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"Sassy, slick, sexy": Chicago at Sheffield Theatres

Reviewer Paul Szabo takes a look at Chicago, currently being performed at the Lyceum, and compares 1920s vaudeville to Instagram today. 

Lee Mead in Chicago
Paul Coltas

Set in the seedy underbelly of the 1920s vaudeville scene, Chicago sees murderous chorus girl Roxie Hart battle for both the spotlight and the headlines with fellow inmate Velma Kelly, in a rivalry that only heats up when Roxie is favoured over Velma by the slick, if smarmy, lawyer, Billy Flynn. Flynn manipulates the media with tales of a repentant religious girl (which couldn’t be further from the truth) and spins every possible angle to get the media on side.

With a little stirring of the tension from the prison’s matriarch, Matron “Mamma” Morton (who has her own sideline in backhanded bribes) and with the support of her loyal, if gullible, husband, Amos, Roxie heads for trial with dreams of using her notoriety as a springboard to her own headline act. But, as far as she is concerned, she isn’t going to let a little thing like the chance that she may be hanged get in the way of getting her name on the front page of the newspapers.

Faye Brookes as Roxie Hart in Chicago
Tristram Kenton

Chicago plays out as pretty much a sing-through musical and the show remains as sassy, slick, sexy and superb as it has always been. This, along with Cabaret, is perhaps the best work of Kander and Ebb, and the Bob Fosse choreography – all flicks of the wrists, hip thrusts, subtle movements, finger clicking and more jazz hands than you thought was humanly possible in one show – is recreated beautifully here by Gary Chryst and continues to be absolutely spectacular. Simplicity rules in this production and the staging transforms you from one venue to another with little more than a bowler hat, a chair and a lighting change. The characters, all dressed in black, lace and leather, look stylish and sexy, and the production values are as good as they come.

When this production was announced, the cast initially included Gemma Collins as Mamma Morton, but she had to step down due to an injury before the start of the tour. However, this was a casting decision that had split theatre goers down the middle, with some demanding refunds for tickets, whilst others welcomed the reality TV personality – but, as the show itself highlights, therein lies the fickle nature of fame.

The production, however, has assembled a terrific cast, talented and polished. And when you consider the leads, the ensemble and the orchestra, there was not one weak link amongst them. Djalenga Scott excelled as Velma, from the opening number, “All That Jazz”, to the closing scenes; her magnetic stage presence was undeniable. Faye Brooks (known to most from Coronation Street) held her own against such a strong opposite, and Michelle Andrews stepped in for Brenda Edwards as Mamma Morton with aplomb.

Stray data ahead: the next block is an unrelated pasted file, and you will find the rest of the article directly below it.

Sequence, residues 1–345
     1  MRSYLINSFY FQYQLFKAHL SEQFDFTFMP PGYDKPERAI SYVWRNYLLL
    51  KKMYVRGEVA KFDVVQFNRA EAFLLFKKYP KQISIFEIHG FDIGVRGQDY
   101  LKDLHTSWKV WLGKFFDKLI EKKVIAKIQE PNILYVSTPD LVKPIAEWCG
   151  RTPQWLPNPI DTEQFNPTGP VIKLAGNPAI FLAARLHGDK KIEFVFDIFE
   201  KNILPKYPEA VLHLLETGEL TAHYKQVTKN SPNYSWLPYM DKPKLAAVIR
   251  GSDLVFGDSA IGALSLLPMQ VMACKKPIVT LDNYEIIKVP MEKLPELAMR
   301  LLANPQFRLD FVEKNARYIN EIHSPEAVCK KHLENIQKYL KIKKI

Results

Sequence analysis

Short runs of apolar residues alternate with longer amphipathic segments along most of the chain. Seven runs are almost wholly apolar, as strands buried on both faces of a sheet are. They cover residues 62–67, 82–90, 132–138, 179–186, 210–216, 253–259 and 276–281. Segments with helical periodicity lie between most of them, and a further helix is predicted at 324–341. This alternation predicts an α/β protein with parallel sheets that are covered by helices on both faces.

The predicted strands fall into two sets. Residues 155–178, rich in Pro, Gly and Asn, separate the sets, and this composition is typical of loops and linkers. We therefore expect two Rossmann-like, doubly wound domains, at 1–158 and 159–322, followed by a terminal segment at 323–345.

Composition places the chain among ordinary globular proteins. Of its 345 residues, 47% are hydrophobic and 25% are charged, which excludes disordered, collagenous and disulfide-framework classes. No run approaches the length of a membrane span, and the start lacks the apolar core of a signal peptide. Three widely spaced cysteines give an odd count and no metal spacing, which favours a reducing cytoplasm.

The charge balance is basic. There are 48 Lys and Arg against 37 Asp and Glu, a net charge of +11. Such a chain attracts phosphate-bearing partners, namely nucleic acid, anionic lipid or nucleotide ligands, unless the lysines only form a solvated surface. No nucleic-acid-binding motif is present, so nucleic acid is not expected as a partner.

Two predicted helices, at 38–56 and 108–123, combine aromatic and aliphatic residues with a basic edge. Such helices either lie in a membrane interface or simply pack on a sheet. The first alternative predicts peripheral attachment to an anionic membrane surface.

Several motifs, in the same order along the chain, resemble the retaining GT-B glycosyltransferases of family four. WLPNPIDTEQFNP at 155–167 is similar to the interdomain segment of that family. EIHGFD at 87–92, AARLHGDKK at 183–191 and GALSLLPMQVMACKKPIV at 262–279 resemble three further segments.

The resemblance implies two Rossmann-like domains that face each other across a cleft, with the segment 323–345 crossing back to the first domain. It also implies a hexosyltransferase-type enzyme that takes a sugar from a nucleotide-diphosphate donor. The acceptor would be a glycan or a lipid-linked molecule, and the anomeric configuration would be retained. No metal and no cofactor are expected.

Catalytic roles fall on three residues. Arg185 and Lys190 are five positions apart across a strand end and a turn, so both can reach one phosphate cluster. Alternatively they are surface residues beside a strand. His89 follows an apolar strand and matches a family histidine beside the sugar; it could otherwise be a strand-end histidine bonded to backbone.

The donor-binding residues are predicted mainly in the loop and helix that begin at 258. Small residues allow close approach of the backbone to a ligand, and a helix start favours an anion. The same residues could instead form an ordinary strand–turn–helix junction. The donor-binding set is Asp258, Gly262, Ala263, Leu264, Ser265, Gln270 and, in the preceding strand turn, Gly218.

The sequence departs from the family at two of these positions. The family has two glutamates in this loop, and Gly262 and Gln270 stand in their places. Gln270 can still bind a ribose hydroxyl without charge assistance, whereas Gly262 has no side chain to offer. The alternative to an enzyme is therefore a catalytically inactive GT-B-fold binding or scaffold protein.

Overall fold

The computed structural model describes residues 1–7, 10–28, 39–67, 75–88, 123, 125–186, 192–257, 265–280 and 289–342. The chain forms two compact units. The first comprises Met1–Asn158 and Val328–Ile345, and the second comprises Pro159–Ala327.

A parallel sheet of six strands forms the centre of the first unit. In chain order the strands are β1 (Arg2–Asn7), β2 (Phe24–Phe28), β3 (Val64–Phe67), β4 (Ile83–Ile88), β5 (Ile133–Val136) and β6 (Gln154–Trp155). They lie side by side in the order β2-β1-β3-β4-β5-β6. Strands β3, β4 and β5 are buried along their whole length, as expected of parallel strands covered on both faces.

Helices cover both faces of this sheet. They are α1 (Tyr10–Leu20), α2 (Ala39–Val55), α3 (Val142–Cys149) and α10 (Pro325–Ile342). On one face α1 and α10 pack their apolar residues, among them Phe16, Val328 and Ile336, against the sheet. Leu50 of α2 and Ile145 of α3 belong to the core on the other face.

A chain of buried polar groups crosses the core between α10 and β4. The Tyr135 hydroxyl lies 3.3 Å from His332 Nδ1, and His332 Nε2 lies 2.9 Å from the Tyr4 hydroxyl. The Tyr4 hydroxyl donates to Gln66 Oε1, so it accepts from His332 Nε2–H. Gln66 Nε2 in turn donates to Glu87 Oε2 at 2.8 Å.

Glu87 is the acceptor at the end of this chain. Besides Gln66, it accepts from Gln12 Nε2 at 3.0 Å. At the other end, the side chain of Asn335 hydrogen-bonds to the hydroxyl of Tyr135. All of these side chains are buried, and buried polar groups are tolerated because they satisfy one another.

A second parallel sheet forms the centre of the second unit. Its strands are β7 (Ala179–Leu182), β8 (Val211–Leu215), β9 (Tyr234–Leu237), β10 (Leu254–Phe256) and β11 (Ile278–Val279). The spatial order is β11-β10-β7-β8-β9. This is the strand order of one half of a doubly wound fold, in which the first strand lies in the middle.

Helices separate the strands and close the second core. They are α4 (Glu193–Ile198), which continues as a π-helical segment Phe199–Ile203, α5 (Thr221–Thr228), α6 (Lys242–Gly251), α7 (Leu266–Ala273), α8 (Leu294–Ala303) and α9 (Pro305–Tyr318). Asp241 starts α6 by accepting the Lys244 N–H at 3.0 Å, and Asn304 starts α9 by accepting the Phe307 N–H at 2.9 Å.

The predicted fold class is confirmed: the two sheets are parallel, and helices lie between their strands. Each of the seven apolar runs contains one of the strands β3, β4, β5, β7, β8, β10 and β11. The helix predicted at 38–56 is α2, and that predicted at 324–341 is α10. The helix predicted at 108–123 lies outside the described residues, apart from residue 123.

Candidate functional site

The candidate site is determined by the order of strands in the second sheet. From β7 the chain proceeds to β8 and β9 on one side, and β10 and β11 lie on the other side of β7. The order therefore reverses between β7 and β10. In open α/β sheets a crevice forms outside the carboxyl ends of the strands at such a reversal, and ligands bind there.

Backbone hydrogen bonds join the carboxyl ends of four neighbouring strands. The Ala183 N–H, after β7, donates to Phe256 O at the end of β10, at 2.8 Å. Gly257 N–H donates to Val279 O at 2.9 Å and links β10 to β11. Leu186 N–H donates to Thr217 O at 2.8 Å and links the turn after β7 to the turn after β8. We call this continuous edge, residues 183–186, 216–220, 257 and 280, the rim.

Having seen this musical many times over the years, this current tour is hands down the best version of the show I have seen.

One of the things I love about musical theatre is that it often shows you that sometimes things change very little over the years. Chicago, first performed in 1975, pulls no punches when it comes to its dealings with the fleeting nature of the cult of celebrity and those who will do anything for their time in the public eye. Whilst the story centres on the 1920s murderesses trying to get their name in the paper by any means necessary, if you replace the crimes of the characters with the contestants on Love Island and switch out the newspapers for Instagram, it’s easy to see that little has changed; and, as Velma Kelly finds out in the show, there is always someone new to come along and push you out of the spotlight.

Equally, you don’t have to look too far back in the news archives to find high-profile celebrity court cases where headlines and social media campaigns have waged war on one party or the other – not too dissimilar from the media manipulation displayed by Flynn in the show. As I say, it often shows you that sometimes things change very little over the years.

With terrific songs, superb staging and perfect performances, Chicago is at the Lyceum Theatre until 9 July 2022 and is an evening of thoroughly entertaining, top notch, West End quality theatre in the heart of Sheffield.

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